Ethics: The 5 Promises ADA Dentists Make to Their Patients

ADA member decal logo image
When it comes to choosing a dentist, character counts. In a 2015 survey by the American Dental Association, 69 percent of people polled said they were more likely to choose an ADA member the next time they were looking for a dentist.

The reasons why are simple. Patients who took the survey said they appreciate the patient-first promise that ADA dentists make as part of the association's code of ethics. "To me, nothing matters more than doing what I do ethically, honestly and to the best of my ability," says American Dental Association spokesperson Dr. Matthew Messina.

Here's a breakdown of the 5 pledges dentists make in the ADA Principles of Ethics and Code of Professional Conduct and what you can expect at your next appointment.

Respect for a Patient's Wants and Needs

As a patient, you have the right to be involved in decisions about your treatment and to expect privacy and confidentiality. "The code reminds all dentists that they have the duty to put the patient first, to involve the patient in treatment decisions in a meaningful way and to treat the patient taking into account the patient's desires, as long as those desires are within the bounds of accepted treatment," says Dr. Linda Himmelberger.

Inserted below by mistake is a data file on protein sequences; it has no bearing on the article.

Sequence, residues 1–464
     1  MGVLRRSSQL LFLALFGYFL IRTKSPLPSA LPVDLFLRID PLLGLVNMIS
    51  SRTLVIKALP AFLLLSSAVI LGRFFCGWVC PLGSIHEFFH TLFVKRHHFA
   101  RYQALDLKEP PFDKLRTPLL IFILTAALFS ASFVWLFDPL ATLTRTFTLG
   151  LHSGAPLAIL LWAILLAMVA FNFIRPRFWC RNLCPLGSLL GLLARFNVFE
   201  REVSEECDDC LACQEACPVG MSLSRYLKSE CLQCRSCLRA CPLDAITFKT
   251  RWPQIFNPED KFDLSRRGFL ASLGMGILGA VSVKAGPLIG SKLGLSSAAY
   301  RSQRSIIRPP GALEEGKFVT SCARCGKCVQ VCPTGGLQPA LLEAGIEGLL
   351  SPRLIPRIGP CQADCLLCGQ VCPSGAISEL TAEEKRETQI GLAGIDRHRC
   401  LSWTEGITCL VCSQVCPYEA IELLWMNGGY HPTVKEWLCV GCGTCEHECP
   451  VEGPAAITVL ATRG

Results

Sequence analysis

Do No Harm

Your dentist’s duty is to keep you safe and healthy. Part of this is keeping his or her knowledge and skills current and referring patients to specialists when necessary. “To ‘Do No Harm’ is really the Golden Rule,” says Dr. Jane Gillette. “Dentists practice ‘Do No Harm’ in many ways, but one universal expression is dedication to keeping their knowledge and skills up-to-date. New science and technology can quickly emerge. In response, dentists complete a tremendous number of hours in continuing education annually to provide patients with the highest level of science-based effective and safe care.”

Do Good

This means your dentist provides high-quality and timely treatment, while considering your needs, desires and values. “To do good for a dentist means to consider each patient as an individual and whatever is in their best interest. We discuss treatment options together so we come to an agreement about what’s best,” says Dr. Cathleen Taylor-Osborne, Director of the Kansas Department of Health and Environment Bureau of Oral Health. “It’s also important to use scientific evidence for the public good, such as fluoridation.”


Your dentist does not discriminate and will provide dental care without prejudice. “Everyone is treated fairly, regardless of race, creed, religion, socioeconomic background, ethnicity and current health conditions,” Dr. Taylor-Osborne says.


The best doctor-patient relationships are based on trust and honesty. “Truth in diagnosis and treatment planning is so vital,” Dr. Taylor-Osborne says. “Once you and your dentist have that trust, you can be partners, which will help you both gain so much going forward.”

To find out if you are seeing an ADA dentist, ask at your next appointment or use the ADA Find-a-Dentist tool to find an ADA dentist near you.


More on MouthHealthy